The Christian Pilgrim tradition has its origin in the early years of the Church. The Christians were keen to be at the places where Jesus had been; like Jerusalem and Bethlehem. This was, however, not the only holy places for the first Christians. The early Church had a lot of martyrs who were regarded as saints. These people had been part of the congregations and among those who celebrated the Liturgy and worshiped God. It was a clear perception that the martyrs had gone directly to heaven and there they were able to pray in front of God’s throne. Thus it was important for the Christians to come to the tombs of the saints. This gave them proximity to the holy and a better possibility to ask for the intercession of the saints. As time went by, the Church had martyrs and saints at many places and pilgrimages were common in the whole Christian world. People were searching for comfort, healing and forgiveness for their sins. Eventually it was also common that the Church instructed people to go on pilgrimage to do penance for their sins. It was then possible to pay others to do the pilgrimage in their place.
These arrangements were sometimes abused both by the Church itself and by individuals. The Lutheran reformation was mainly a reaction to various kinds of misuse, and Luther banned therefor any form of pilgrimage. The idea of pilgrimage, however, did not disappear within the protestant movement. On the contrary, it kept a central position in preaching and piety in that the goal was the heaven and that life was a pilgrimage. John Bunyan’s book “A Pilgrims Progress” is a typical example of devotional literature in this genre.
The Roman Catholic Church and the Orthodox Churches have an unbroken tradition of pilgrimage since the first time of the Church. In our time the Protestant Churches are about to rediscover this tradition. Exactly because the idea of pilgrimage never disappeared from the preaching of the Protestant Churches, it is not so difficult again to become familiar with this tradition.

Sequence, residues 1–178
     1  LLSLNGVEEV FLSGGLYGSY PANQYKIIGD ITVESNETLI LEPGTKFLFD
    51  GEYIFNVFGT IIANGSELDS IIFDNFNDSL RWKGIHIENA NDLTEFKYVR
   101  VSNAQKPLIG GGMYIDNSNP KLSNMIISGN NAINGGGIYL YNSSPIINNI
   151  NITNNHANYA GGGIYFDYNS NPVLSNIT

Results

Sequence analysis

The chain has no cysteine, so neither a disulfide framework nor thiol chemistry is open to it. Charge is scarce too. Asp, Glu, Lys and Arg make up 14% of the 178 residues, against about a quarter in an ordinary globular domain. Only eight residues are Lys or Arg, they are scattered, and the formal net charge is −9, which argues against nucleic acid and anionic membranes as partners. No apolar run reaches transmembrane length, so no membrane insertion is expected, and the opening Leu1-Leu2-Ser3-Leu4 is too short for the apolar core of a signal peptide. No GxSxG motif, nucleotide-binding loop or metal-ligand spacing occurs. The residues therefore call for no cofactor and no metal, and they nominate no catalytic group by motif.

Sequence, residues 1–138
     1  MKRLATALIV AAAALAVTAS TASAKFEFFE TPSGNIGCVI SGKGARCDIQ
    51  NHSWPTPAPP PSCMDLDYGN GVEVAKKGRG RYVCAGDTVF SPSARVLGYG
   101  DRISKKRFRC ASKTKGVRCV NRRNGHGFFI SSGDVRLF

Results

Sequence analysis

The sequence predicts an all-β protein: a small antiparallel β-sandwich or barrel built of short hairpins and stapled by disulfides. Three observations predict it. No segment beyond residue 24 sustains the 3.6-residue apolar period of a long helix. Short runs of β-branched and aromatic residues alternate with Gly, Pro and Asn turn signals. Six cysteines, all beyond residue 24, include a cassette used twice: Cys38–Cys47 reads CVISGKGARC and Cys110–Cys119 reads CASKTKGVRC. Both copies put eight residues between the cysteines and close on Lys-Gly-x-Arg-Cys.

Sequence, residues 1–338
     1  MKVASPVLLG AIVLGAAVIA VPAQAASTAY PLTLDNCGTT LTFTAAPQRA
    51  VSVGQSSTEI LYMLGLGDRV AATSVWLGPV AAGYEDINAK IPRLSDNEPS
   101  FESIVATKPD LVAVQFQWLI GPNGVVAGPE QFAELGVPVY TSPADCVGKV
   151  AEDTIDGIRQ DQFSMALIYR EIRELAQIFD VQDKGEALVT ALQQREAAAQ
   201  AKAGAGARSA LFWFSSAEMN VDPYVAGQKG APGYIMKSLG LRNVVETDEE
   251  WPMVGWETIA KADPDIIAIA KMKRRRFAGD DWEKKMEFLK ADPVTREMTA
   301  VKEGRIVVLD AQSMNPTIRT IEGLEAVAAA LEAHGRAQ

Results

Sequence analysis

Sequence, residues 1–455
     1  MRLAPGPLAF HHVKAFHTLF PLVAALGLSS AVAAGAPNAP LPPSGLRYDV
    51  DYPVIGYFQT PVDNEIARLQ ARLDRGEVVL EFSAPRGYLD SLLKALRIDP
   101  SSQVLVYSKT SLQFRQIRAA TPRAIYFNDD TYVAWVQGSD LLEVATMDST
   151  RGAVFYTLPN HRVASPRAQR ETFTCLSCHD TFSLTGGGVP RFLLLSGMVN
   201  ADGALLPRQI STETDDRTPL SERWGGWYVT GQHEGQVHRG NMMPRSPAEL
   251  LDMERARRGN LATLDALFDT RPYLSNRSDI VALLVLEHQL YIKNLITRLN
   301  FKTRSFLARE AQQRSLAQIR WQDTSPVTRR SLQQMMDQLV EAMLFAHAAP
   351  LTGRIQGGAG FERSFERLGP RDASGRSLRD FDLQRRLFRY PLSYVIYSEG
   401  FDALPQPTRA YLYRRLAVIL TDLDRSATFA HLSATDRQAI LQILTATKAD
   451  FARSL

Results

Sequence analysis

In Nidaros, Trondheim, the pilgrimages to St. Olav’s shrine started right after his death at Stiklestad in 1030. It quickly became known that he was a holy man and in 1031 he was declared a saint. The first witness about this is a poem by Torarin Lovtunge from 1031-35. He was the bard of king Olav’s enemy, the Danish king Svein. He encouraged the king to pray for St. Olav’s intercessions and described the holy king in this way: “Thus Olav sinlessly saved his soul before his death.” Within a few years the pilgrimage to St. Olav’s shrine was so strongly consolidated that it became known far out in Europa. During these first years the Church in Nidaros, Trondheim, belonged to the Archbishopric of Hamburg/Bremen. In the year 1070 the Archbishop’s secretary, the German history-writer Adam von Bremen, describes the Archbishop’s visitation to the Church in the North, including Nidaros and he describes the pilgrimage to Trondheim like this:
“The Norwegians most important city is Trondheim. It is now decorated with churches and visited by many people. There is the very blessed king and martyr Olav’s relics. At his tomb the Lord also today works the greatest healing miracles. And people, who believe that they can be helped through this holy man’s meritorious deeds, are coming from far away. If you are sailing from Aalborg or Vendesyssel in Denmark, you will arrive in Viken (the Bay), which is a city in Norway. From there you turn left and sail along the Norwegian coast, and at the fifth day you reach the city of Trondheim. You could also go another way, coming from the Dane’s Skaane, across land to Trondheim. But this route across the mountains takes more time, and as it is dangerous, it is avoided by the travellers.”
We know, however, that many pilgrims crossed the Dovre Mountain on their way to Nidaros even if the route was so exhausting and dangerous. For that reason the then king Oistein Magnussen, in the 1120ties built shelters for pilgrims several places on the mountain’s plateau. The care for the pilgrims was so important that there was a detailed regulation for the stay in these pilgrim shelters in the Norwegian legislation, the “Gulatingsloven”. During the 13th century the first church was built in the Dovre Mountain.
When the Lutheran reformation reached Norway in 1537, pilgrimages were banned. Only in the 20th century people started again to come to Trondheim as pilgrims. Especially after 1970 – 80 more and more pilgrims appeared and even more after the signposting of the path between Oslo and Trondheim from 1993 until 1997 when the path officially was opened by HRH Crown prince Haakon July 29th 1997.
Today the pilgrim path both in Norway, Denmark and Sweden is signposted with the St. Olav logo and has received the status as European Cultural Route under the Council of Europe’s Cultural Route program.